Decluttering the GDP Data Clutter !

Image Courtesy: NBC News

Introduction: Q1 2022 GDP fell 1.4%. How bad were the numbers really?

The First Advance estimate for 1Q22 showed US GDP fell 1.4%. Generally, that is bad news. It adds yet another cat to those already amongst the pigeons. High inflation, rate hikes, etc.


However, a look below the hood shows the US consumer has been incredibly strong. PCE grew at a seasonally adjusted annual rate of 2.7%. Just to put things in context, the past 4 quarters (in 2021) PCE growth rates have been 11.4%, 12.0%, 2.0% and 2.5%.

Source: Trading Economics

Retail sales numbers have validated the strength of the US consumer as well.

Source: Trading Economics

The fall in GDP can significantly be attributed to the negative contribution from net exports. Exports fell 5.9% while imports increased 17.7% contributing a negative drag of 3.2 percentage points to GDP growth in 1Q 2022. Business investment, on the other hand, continued to be robust as non-residential fixed investment surged at a 9.2% annualized rate.

So all is good? Not really. Here is the catch.….

US GDP grew at a massive rate of 6.9% in the 4th quarter of 2021. Change in inventories contributed 5.3 percentage points to Q4 2021 GDP growth. This build-up of inventories continued in 1Q 2022, but at a decelerating rate. The change in the pace of the change of inventories contributed negatively to GDP growth in Q1 22. To be specific, the nominal level of change in private inventories was US$249bn in Q4 2021 and US$206bn in 1Q 2022. In simple words, there continues to be a build-up in wholesale and retail inventories. If consumer demand falters significantly, this pile up of inventories is sure to cause significant economic pain.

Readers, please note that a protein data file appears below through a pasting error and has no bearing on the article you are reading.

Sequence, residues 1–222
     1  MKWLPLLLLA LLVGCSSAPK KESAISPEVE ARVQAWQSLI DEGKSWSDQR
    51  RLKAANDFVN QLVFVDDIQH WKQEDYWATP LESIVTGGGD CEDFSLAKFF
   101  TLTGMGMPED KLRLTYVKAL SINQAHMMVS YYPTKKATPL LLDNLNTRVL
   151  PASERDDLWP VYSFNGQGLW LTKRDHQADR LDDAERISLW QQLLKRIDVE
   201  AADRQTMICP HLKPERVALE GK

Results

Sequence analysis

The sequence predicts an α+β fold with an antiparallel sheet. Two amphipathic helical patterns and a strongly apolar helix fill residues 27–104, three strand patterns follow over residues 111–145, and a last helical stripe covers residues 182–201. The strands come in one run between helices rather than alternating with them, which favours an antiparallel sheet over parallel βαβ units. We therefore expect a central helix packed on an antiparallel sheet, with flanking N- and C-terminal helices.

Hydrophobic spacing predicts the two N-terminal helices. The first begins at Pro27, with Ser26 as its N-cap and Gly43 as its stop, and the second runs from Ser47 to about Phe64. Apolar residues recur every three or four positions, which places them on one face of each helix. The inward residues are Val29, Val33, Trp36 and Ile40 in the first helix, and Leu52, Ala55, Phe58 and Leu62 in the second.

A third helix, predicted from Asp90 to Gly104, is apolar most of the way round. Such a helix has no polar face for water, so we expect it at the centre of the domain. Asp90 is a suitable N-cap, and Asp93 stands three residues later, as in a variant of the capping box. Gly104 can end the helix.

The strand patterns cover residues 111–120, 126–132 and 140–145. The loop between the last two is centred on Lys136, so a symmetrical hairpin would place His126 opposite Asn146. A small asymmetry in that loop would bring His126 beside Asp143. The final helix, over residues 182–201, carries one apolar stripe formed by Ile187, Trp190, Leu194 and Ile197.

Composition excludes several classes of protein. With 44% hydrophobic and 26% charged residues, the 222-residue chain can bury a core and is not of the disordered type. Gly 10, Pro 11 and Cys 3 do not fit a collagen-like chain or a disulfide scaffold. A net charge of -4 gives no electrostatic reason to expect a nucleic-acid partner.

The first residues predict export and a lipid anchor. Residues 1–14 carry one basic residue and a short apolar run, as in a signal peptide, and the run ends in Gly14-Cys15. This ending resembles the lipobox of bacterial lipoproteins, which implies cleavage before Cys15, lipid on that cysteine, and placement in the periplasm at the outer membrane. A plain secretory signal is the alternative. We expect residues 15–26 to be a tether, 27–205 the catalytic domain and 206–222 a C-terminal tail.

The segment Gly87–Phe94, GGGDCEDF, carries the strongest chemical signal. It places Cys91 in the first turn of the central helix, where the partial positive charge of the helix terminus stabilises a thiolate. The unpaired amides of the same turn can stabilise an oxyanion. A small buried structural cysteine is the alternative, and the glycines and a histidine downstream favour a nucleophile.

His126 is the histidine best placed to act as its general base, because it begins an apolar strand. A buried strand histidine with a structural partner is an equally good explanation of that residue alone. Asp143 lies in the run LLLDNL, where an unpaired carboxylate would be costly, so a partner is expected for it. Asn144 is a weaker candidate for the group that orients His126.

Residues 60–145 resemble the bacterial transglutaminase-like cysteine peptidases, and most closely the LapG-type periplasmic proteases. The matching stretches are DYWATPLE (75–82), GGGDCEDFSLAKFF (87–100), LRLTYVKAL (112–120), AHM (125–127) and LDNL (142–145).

See below charts for wholesale and retail inventory build-up. A picture speaks a thousand words !

Source: Trading Economics
Source: FRED

Yet even though retail inventories have risen as businesses stock up in anticipation of sales demand, the retailers inventory-to-sales ratio of 1.13x is well below pre-pandemic levels of 1.4x.

Inventories are typically expected to rise when demand is weak. There is enough empirical macroeconomic evidence that suggests inventory adjustment appears to accentuate during economic downturns and subsequent recoveries.

At the start of a downturn, involuntary stock building occurs as demand falls faster than production can be adjusted. However, this is followed by a destocking phase, as companies seek to reduce inventory levels through production cuts, which depresses the economy even further during the downturn.

Understanding the contribution of inventories to GDP calculation can be confusing. It is not the total level of inventories or quarterly change in inventories that impacts GDP growth, but rather the change in the pace of the change that matters !

Investing can be a game of patience. The last 12 months have all been about the macroeconomic risks. Everything else simply did not matter. We seem to be inching close to the bottom though!

Happy Investing!

To know more about the Federal Reserve and US Monetary Policy, take our Fed Demystified course and watch the videos at the link below!

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Disclaimer and Disclosure: Not meant to be investing advice ! Do your own research!

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